I can well understand the concern - your baby really does need to stop losing weight and to start gaining.

It's a big task to express and feed and feed from the bottle. But it's important to tackle this now. Also read up on breast compression and switch nursing.

It's good you are getting help with this - it's early days, you can turn this round smile

krisskross Tue 09-May-17 10:11:16

Thanks everyone.

I am going to start expressing twice a day, topping up temporarily and taking fenugreek. Ill also perservere with advice re latch.

The catch down growth is three have all been 9 pounders and my first two struggled to regain biryg weight (had forgotten) IIRC both went to around 50th centile and stayed there. We are not otherwise a big family smile

Somehow i need to get the balance between feeding him what he needs...even uf thats extra, knowing whats right fpr him and looking for signs he well fed / not well fed. Not easy as you all know, especially when they are so tiny and im so tired and nervous.

Sorry to ask agsin ...but presumably i express immediately after a feed? I can give him the previously expressed milk just before?

Thanks again.

OP’s posts: |
krisskross Tue 09-May-17 10:12:02

Sorry for all the typos.

OP’s posts: |
NameChange30 Tue 09-May-17 10:17:21

Ideally you need to get him properly assessed for tongue tie before Friday if you can. Are there any breastfeeding clinics / drop-ins near you? Some of them might have a lactation consultant who can do a tongue tie assessment. If there are no clinics or drop-ins and the private LC you've found isn't available before Friday, could you find another one who is?

We were lucky to get DS's tongue tie diagnosed by a breastfeeding counsellor at a drop-in. We then found a registered tongue tie practioner to divide it straight away (paid privately as I didn't want to wait longer and travel a long way to get it done on NHS).

NameChange30 Tue 09-May-17 10:21:59

Oh and my suggestion for expressing is to get a Haakaa pump, you can use it to express from one boob while feeding from the other, so it's not an extra thing you have to find time for, IYSWIM?

Before DS's tongue tie was divided and he was feeding constantly, the last thing I wanted to do when he wasn't feeding was attach myself to a breast pump! But after it was sorted, he has been feeding less and I've had time to express with an electric pump. I'm using the Ardo Calypso which I'm happy with, it's quiet and efficient.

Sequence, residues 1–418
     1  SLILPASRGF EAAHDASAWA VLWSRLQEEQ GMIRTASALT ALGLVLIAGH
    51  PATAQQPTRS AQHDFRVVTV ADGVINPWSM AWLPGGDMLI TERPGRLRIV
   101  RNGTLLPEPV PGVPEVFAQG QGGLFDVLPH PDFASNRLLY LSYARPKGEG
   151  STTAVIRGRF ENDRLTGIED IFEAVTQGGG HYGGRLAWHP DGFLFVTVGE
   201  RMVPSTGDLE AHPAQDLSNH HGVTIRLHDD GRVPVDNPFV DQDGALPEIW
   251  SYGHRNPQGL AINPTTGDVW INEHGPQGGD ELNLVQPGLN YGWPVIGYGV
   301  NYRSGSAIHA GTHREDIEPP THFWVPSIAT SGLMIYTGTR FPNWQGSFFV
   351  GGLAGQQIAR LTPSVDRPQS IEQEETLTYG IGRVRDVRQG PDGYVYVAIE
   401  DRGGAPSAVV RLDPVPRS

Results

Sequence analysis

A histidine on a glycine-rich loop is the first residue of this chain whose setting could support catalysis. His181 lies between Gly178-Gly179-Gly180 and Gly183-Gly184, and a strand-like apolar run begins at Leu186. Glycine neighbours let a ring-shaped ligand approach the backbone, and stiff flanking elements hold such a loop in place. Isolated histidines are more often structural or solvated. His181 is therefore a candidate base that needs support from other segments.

ifyouthinkiwillsleepyoudream Tue 09-May-17 10:25:45

Oh yes, @NameChange30 's advice is excellent. Best (and easiest - milk flows much more freely while you feed) is to do it while breastfeeding on the other side if you can. Takes a bit of practice in coordination to start with, but worth it

NameChange30 Tue 09-May-17 11:07:24

I've just realised I posted on your previous thread, gave you the same advice 10 days ago!!

Why would you wait 10 days when you have a newborn struggling to feed and put on weight?!


Newbiecat Tue 09-May-17 11:18:39

name change don't you think you're being a bit harsh here? The op is only asking for advice and I don't think she needs people having a go at her when she's tired, sleep deprived and trying to do the best for her baby.
Op as I mentioned in my previous post please be careful you don't unnecessarily get diagnosed with a tongue tie it may be the case for some babies but it's definitely overdiagnosed as the sole cause for feeding problems and that is not always the case.
La Leche League are really helpful as well as Kellymom for help with problems with breastfeeding I'll try and post a link here.

I had an Ardo Calypso double pump and used to pump twice a day after feeds - double pumping is so much more time efficient when you have other children and I wasn't a great expresser! You top up after a feed so as not to fill their tummies up beforehand and make them reject the breast.